I do like what Seth Meyers said in the video I embedded last night. Maybe it's time to get politicians to at least self-identify where they stand. Get each one on the record answering questions like, "Would you be willing to support laws that would have prevented Stephen Paddock from obtaining the weapons he had in that hotel room?" And then we have to wait for the day when it would cause more candidates to lose elections if they said "No."

Gotta go pack. Posting will be sporadic here for the next week but it will include reports on the New York Comic-Con and various shows on or slightly off-Broadway.

The post Tuesday Morning appeared first on News From ME.

Source: News From ME | 3 Oct 2017 | 11:04 am

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Great Shakes!

I start most days with a chocolate protein shake made with Jay Robb Whey Protein.  It's the only chocolate thing I ingest since I (largely) gave up sugar about ten years ago.  Jay Robb products are free of sugar and also of artificial sweeteners, which neither I nor my body like.  They make 'em with Stevia and it's a pretty nice, protein-rich drink especially if you make yours with real cold water.  For a time, I also put in a splash of milk but I stopped doing that.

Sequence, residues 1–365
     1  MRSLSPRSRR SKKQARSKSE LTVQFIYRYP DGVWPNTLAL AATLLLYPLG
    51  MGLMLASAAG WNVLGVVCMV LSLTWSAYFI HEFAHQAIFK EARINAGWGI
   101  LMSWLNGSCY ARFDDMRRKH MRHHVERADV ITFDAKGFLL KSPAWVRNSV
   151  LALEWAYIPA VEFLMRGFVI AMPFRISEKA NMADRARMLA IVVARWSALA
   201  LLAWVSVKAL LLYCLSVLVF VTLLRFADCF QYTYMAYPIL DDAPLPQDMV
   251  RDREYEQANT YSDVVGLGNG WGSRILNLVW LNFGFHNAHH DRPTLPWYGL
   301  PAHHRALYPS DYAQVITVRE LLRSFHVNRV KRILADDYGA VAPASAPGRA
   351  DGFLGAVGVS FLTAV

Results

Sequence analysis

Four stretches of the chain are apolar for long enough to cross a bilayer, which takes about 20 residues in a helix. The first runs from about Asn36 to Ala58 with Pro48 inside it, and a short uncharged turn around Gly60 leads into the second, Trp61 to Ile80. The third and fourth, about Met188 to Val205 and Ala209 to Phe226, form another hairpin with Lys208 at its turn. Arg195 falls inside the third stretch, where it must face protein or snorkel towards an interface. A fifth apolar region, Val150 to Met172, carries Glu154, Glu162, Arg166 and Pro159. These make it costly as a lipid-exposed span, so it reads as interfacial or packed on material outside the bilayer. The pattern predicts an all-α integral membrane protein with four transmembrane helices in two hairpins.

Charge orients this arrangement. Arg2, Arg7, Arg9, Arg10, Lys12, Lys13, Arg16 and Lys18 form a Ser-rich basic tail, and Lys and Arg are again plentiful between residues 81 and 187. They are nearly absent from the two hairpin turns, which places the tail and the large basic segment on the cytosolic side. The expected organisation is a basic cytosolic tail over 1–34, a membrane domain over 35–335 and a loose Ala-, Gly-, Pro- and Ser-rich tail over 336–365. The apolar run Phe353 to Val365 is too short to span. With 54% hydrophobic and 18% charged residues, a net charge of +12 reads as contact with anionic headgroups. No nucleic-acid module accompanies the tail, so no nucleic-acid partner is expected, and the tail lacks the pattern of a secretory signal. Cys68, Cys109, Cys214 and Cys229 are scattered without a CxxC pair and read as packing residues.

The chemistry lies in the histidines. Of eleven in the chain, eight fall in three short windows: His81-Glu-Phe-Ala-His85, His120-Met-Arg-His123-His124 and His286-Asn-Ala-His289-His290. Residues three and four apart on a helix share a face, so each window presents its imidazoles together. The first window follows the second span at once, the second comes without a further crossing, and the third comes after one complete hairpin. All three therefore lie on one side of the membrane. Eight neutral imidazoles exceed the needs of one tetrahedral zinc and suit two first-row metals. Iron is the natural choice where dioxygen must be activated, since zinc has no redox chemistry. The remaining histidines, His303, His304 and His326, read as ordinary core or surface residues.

They have a couple of flavors but I like the chocolate way more than the others.  Recently though, I came across a product at the market that I'd never seen before — Jif Peanut Powder.  I tried adding a teaspoon of it to my Jay Robb chocolate shake and in addition to upping the protein count, I got a pretty good peanut butter flavor drink.